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cryptococcosis; Cryptococcus; mycoses; antigens, fungal; AIDS-related opportunistic infections


Cryptococcosis is a serious environmentally acquired endemic fungal infection commonly associated with immunocompromised hosts. Little is known regarding frequency or distribution in Wisconsin. We explored the geodemographic and clinical features of patients tested with cryptococcal antigen tests (CrAg) — previously shown to be >90% sensitive and >90% specific — within a large health care system located in eastern Wisconsin. To examine this, we retrospectively analyzed 1465 CrAg tests on 1211 unique patients (female: 50.2%; white race: 73.9%; mean age: 53.7 ± 16.5 years). At least one CrAg result was positive in 23 of 1211 patients (1.9%). From these, 21 of 23 were immunocompromised. Positive patients were disproportionately male (82.6%) and nonwhite (3.8% of those tested vs 1.2% of whites tested); P < 0.01 for both. These associations remained in multivariable models. Positive patients were not significantly older (59.1 vs 53.6 years; P = 0.07). Overall, 17 separate zip codes had at least one positive case. Positive patients were more prevalent in the zip codes that included the city of Milwaukee (11 of 377 [2.9% of those tested] vs 12 of 834 [1.4% of all those tested in the remaining area of the state]), but this difference was not statistically significant. No other case clustering or close proximity to waterways was observed (41% were less than 162 m from green space, similar to historical controls). Overall, male sex, nonwhite race/ethnicity, and immunocompromised status, not zip code, were statistically associated with positive CrAg.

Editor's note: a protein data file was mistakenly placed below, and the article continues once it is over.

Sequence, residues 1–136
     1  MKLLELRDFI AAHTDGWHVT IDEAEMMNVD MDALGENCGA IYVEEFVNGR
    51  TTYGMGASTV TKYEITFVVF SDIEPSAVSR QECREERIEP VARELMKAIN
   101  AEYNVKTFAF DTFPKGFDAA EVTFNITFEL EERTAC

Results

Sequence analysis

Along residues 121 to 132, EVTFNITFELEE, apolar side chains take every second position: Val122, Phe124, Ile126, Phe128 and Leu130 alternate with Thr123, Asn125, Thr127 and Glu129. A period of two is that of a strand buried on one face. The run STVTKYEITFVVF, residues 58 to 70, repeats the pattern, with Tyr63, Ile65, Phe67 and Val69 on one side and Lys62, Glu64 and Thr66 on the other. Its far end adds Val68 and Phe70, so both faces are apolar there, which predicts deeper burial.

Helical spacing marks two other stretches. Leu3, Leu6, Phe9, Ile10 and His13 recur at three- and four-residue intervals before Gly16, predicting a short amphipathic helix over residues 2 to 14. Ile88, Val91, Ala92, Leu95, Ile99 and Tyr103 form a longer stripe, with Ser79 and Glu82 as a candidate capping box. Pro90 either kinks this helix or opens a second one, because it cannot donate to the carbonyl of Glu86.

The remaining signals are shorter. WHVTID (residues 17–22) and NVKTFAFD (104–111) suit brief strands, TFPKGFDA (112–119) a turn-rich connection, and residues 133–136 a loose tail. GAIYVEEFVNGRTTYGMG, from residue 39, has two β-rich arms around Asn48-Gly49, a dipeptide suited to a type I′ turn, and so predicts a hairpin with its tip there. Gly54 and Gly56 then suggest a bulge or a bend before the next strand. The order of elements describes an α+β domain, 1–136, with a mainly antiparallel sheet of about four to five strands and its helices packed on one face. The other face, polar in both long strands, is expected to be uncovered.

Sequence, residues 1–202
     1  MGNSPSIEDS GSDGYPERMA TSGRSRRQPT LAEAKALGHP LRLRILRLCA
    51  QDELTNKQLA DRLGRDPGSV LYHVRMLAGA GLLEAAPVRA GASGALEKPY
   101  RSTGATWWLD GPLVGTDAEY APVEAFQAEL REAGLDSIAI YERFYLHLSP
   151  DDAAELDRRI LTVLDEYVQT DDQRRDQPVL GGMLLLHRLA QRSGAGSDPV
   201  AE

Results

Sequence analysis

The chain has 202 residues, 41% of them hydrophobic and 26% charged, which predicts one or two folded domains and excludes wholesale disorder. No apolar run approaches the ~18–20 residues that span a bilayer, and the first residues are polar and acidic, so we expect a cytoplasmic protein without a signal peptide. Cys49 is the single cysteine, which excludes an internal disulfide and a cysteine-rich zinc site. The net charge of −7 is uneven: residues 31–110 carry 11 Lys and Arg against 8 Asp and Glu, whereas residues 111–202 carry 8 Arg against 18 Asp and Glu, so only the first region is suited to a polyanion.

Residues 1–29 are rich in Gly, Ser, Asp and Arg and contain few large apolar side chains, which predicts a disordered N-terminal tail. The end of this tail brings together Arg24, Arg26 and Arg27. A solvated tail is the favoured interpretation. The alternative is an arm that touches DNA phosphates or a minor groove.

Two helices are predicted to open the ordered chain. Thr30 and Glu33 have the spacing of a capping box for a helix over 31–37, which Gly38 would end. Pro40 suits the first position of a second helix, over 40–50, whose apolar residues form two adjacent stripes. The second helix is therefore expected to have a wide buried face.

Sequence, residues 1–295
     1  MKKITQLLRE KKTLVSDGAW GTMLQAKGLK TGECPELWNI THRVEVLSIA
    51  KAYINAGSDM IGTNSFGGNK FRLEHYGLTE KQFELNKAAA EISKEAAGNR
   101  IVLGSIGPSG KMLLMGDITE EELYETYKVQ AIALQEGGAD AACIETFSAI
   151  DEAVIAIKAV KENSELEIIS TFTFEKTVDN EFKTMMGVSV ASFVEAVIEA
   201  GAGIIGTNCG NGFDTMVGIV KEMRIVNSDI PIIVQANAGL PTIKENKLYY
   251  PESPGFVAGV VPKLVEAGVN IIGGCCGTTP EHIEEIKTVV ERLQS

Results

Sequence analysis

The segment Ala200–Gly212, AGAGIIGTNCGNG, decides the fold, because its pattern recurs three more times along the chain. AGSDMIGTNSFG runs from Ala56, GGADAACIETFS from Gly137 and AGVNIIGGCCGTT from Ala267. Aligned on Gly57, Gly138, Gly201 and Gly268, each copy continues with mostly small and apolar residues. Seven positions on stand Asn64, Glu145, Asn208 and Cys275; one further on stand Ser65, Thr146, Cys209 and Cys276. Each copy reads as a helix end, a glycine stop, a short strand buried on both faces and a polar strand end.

June 4th, 2019


August 14th, 2019


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